Sunday, September 10, 2017

Mapping without Automapper

I've tried AutoMapper on numerous occasions and it's a great product. However, my mind seems to work a little bit different so I usually use a little different approach. I want to be able to follow my mappings so what I end up doing is to write the mappers by hand. (#bad)

I do give AutoMapper a try from time to time, but I still favour this way of doing it. It's just a personal preference!

If you haven't heard of Automapper, check it out at http://automapper.org/ before you embrace this technique! :)

The pattern I use for this is simple (and the magic lies in the simplicity of it).

Step 0 - Define the types on each side of the fence


Investigate the types you want to map. I have two ducks.

    public class BackendDuck
    {
        public int Id { getset; }
        public int BeakSize { getset; }
        public string TotallySecretDuckKey { getset; }
    }

    public class FrontEndDuck
    {
        public int Id { getset; }
        public int BeakSize { getset; }
    }

Step 1 - Create the mapper class


I create a static Mapper class that will handle my mappings.

   public static partial class Mapper
   {
   }


Why partial? Because I like to keep the option open to create another file to append to this mapper class. The file on disk could be called DuckMapper.cs. Then why isn't the class called DuckMapper.cs? Because we really don't want to check fifteen different classes to find the correct mapper. The answer is within step 2.

Step 2 - create the map methods:


Create two methods, both called Map (this is important), with the signature below.

    public static partial class Mapper
    {
        public static IEnumerable<FrontEndDuck> Map(IEnumerable<BackendDuck> source)
        {
            return null;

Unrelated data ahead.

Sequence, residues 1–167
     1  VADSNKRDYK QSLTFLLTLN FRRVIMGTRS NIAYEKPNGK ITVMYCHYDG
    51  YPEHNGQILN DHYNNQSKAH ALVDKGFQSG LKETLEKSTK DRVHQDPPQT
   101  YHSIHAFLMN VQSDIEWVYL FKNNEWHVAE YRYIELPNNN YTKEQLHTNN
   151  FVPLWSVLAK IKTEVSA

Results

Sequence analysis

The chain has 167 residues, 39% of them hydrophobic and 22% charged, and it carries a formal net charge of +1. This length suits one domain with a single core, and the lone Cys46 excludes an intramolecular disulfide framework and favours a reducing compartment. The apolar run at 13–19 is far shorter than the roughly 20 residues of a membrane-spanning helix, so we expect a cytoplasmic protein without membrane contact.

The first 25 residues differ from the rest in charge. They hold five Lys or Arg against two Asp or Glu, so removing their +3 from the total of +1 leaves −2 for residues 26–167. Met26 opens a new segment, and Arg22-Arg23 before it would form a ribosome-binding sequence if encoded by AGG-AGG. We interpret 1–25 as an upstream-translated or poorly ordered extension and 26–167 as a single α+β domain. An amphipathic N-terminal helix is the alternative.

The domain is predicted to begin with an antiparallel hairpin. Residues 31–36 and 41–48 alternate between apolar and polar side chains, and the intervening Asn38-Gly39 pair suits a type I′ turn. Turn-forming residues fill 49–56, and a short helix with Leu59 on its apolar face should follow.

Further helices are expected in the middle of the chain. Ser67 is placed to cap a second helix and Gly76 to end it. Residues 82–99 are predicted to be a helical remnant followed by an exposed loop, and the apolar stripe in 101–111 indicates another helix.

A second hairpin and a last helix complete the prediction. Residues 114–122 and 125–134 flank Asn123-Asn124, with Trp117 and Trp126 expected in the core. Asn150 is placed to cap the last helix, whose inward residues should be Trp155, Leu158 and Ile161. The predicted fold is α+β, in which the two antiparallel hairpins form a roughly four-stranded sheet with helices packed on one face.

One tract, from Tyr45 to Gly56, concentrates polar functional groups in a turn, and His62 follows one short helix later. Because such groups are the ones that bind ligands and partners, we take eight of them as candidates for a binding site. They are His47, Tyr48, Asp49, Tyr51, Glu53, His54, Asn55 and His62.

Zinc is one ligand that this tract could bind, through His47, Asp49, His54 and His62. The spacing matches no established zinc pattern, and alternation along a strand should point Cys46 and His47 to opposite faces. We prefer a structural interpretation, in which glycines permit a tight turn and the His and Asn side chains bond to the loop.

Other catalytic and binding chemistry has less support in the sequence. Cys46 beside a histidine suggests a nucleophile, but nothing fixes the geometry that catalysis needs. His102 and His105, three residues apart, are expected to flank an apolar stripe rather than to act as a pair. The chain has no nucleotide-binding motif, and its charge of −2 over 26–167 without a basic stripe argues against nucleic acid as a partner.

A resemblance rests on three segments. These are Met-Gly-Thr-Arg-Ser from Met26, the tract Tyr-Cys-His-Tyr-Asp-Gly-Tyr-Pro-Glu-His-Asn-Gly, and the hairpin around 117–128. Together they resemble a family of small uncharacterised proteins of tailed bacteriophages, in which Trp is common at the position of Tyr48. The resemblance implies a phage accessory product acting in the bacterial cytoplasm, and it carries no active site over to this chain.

}

        public static FrontEndDuck Map(BackendDuck source)
        {
            return null;
        }
    }

We always want two methods, one to Map an IEnumerable and one to map an item.

Step 3a - implement the map methods (non-linq way):


The first way of implementing the methods is by not using Linq. It's the straight forward, C# way to do it. No surprises at all.

    public static partial class Mapper
    {
        public static IEnumerable<FrontEndDuck> Map(IEnumerable<BackendDuck> source)
        {
            var result = new List<FrontEndDuck>();

            foreach(var item in source)
            {
                result.Add(Map(item));
            }

            return result;
        }

        public static FrontEndDuck Map(BackendDuck source)
        {
            return new FrontEndDuck()
            {
                Id = source.Id,
                BeakSize = source.BeakSize
            };
        }
    }

Step 3b - implement the map method using Linq


This does the same thing, but the looping part is hidden in a .Select extension method.

    public static partial class Mapper
    {
        public static IEnumerable<FrontEndDuck> Map(IEnumerable<BackendDuck> source)
        {
            return source.Select(x => Map(x));
        }

        public static FrontEndDuck Map(BackendDuck source)
        {
            return new FrontEndDuck()
            {
                Id = source.Id,
                BeakSize = source.BeakSize
            };
        }
    }

Step 4 - usage


This is how you would use the Mapper.

    public class DuckManager
    {
        public void DoStuff()
        {
            // Create a single duck
            var backendDuck = new BackendDuck() 
            { 
                Id = 1
                BeakSize = 42
                TotallySecretDuckKey = "TheKey" 
            };

            // Add the duck to a list
            var backendDucks = new List<BackendDuck>()
            {
                backendDuck
            };

            // Use the mappings - if setup correctly, 
            // all you have to remember is Mapper.Map(...)
            var item = Mapper.Map(backendDuck);
            var list = Mapper.Map(backendDucks);
        }
    }

Summary


Pros:
  • It's easy to follow debugging
  • You get all your mappings written in C# code that you can follow, nothing is hidden
  • Written correctly, just remember Mapping.Map( ) and you are set
Cons:
  • More code to write

Resources


Check out Automapper if you haven't done so. It might fit your needs better.

1 comment:

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